The U.K. will set up a specialist unit that will use high-tech capabilities to hunt down pedophiles on the Tor anonymity network and other dark corners of the Web.
The unit will combine the investigatory expertise of the U.K.'s National Crime Agency (NCA) with those of the Government Communications Headquarters (GCHQ), the U.K's intelligence service. Together they will tackle the worst cases of child sexual exploitation online, the U.K. government said on Thursday.
"Persistent pedophiles are increasingly communicating on the so-called 'dark web', using ever more sophisticated techniques to disguise their identities and encrypt the horrific images of children that they are sharing with peers," the government said, adding that the new unit will develop high-tech capabilities to analyze vast volumes of child abuse imagery.
By the "dark web,", the U.K. means services such as Tor, short for The Onion Router.
The new unit will focus on the most prolific offenders, who inevitably leave behind 'digital footprints' in some form.
Tor is software designed to offer users better privacy when browsing the Internet by routing traffic through a network of worldwide servers in order to mask the user's location. While it is know to be used by pedophiles, the system is also widely used by a variety of people who don't want to reveal their real IP address while browsing the Internet. It is also used by people to access services that are blocked by governments in some countries.
Tor is by far the most popular network of this type, though there are others that operate in a similar fashion, the U.K. government said. However, Tor remains a niche activity as users represent only 0.18 percent of the total number of Internet users in the U.K. and 0.26 percent of daily Internet users, it said, adding that "not all those using Tor will do so for criminal purposes."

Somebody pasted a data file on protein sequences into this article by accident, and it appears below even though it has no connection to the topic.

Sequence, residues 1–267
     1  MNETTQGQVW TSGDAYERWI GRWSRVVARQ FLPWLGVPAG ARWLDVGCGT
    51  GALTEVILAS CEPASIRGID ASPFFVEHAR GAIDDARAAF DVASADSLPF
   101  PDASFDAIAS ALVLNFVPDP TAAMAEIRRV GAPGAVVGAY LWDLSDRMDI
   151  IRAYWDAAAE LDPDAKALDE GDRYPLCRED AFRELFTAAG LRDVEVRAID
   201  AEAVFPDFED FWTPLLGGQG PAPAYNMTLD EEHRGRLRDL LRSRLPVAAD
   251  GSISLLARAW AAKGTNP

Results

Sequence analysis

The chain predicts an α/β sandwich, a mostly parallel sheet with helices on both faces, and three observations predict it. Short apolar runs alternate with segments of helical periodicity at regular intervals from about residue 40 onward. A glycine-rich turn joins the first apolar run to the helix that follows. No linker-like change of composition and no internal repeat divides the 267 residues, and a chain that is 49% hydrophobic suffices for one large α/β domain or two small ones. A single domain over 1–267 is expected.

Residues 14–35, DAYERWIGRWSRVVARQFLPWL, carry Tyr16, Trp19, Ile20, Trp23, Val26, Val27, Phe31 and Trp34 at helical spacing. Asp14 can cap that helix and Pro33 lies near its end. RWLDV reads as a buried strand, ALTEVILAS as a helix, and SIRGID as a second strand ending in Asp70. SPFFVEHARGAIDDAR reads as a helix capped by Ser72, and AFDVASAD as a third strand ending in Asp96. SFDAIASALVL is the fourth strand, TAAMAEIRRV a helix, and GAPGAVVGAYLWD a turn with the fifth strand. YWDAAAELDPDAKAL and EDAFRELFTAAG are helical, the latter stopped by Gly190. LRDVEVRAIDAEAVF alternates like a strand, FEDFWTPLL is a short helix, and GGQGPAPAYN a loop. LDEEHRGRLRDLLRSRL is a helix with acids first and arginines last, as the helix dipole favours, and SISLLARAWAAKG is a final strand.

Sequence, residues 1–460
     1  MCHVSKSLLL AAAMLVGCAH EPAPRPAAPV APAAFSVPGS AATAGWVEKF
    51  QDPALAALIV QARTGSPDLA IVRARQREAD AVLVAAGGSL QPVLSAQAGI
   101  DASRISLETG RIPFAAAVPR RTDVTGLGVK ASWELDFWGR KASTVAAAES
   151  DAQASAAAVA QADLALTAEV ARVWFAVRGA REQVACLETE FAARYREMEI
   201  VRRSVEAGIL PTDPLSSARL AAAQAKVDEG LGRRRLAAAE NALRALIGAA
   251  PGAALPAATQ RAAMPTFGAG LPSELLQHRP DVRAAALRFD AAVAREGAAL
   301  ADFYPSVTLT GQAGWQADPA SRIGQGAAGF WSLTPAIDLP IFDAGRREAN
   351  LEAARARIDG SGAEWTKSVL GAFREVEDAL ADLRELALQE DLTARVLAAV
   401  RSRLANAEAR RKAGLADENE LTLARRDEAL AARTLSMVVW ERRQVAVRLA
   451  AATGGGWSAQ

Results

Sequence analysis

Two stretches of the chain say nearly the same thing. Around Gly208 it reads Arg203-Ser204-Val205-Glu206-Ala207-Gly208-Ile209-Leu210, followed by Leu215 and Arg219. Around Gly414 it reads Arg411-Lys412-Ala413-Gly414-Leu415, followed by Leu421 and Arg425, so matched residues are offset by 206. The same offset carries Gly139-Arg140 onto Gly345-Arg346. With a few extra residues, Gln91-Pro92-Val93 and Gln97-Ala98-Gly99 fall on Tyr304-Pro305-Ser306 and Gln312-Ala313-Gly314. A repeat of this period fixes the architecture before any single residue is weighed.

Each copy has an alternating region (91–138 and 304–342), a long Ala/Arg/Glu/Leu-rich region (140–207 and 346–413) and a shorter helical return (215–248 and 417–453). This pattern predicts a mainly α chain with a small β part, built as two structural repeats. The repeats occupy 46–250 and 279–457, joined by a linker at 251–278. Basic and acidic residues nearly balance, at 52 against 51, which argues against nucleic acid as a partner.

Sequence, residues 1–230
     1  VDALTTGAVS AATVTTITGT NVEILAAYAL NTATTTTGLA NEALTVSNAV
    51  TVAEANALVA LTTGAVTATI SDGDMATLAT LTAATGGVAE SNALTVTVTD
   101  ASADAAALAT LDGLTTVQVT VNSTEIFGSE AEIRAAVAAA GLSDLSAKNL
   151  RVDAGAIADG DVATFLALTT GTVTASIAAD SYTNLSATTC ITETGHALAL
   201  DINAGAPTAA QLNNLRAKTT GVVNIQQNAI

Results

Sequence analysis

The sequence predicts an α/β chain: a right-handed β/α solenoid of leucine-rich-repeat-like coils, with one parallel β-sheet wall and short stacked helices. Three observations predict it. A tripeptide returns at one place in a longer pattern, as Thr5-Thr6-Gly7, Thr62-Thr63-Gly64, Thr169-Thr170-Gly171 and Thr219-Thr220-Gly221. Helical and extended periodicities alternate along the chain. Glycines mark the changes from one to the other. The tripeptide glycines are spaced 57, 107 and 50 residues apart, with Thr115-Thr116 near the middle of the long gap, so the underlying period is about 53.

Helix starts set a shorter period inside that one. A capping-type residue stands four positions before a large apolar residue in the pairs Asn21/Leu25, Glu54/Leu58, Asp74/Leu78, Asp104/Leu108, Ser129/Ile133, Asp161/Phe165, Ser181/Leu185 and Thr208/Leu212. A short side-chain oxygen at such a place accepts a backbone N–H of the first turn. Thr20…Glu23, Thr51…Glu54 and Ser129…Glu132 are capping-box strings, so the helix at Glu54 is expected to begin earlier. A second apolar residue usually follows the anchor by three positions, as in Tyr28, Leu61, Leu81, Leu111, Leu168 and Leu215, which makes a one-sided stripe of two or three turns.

Nevertheless, the U.K. government isn't too pleased with the abilities Tor gives its users.
"The so-called 'dark-net' is increasingly used by pedophiles to view sickening images. I want them to hear loud and clear, we are shining a light on the web's darkest corners; if you are thinking of offending there will be nowhere for you to hide," U.K. Prime Minister David Cameron said in a statement.
The spread of child abuse imagery is also being reduced by major tech companies like Facebook, Microsoft, Google, Twitter and Yahoo, who use digital fingerprint measures to track the hash value of child sex abuse images identified by the Internet Watch Foundation (IWF).
Since last year, Google and Microsoft have introduced a number of changes to their search functions, including algorithm changes to prevent images of child abuse material from appearing in their search results. "Google has seen a fivefold reduction in the number of searches for child abuse images since these changes were made," according to the U.K. government.
Hashing technology for videos has also been developed by Google, allowing known child abuse videos to be identified and blocked from being shared. The technology will be shared with industry partners and Yahoo will be the first one to pilot it.
Microsoft, Google and Mozilla have also committed to investigate the feasibility of implementing browser-level blocking restrictions designed to prevent people getting access to URLs of known child abuse material via Chrome, Firefox and Internet Explorer.
The U.K. measures were announced during the #WeProtect Children Online summit, which took place in London. A series of global commitments from over 30 countries to track down pedophiles was unveiled there. Countries will invest in law enforcement operations, similar to the U.K's and supported by a £50 million (about US$78 million) fund to prevent children experiencing violence and exploitation. The fund will be supported by UNICEF, governments and partners from civil society and the private sector.
Loek is Amsterdam Correspondent and covers online privacy, intellectual property, online payment issues as well as EU technology policy and regulation for the IDG News Service. Follow him on Twitter at @loekessers or email tips and comments to [email protected]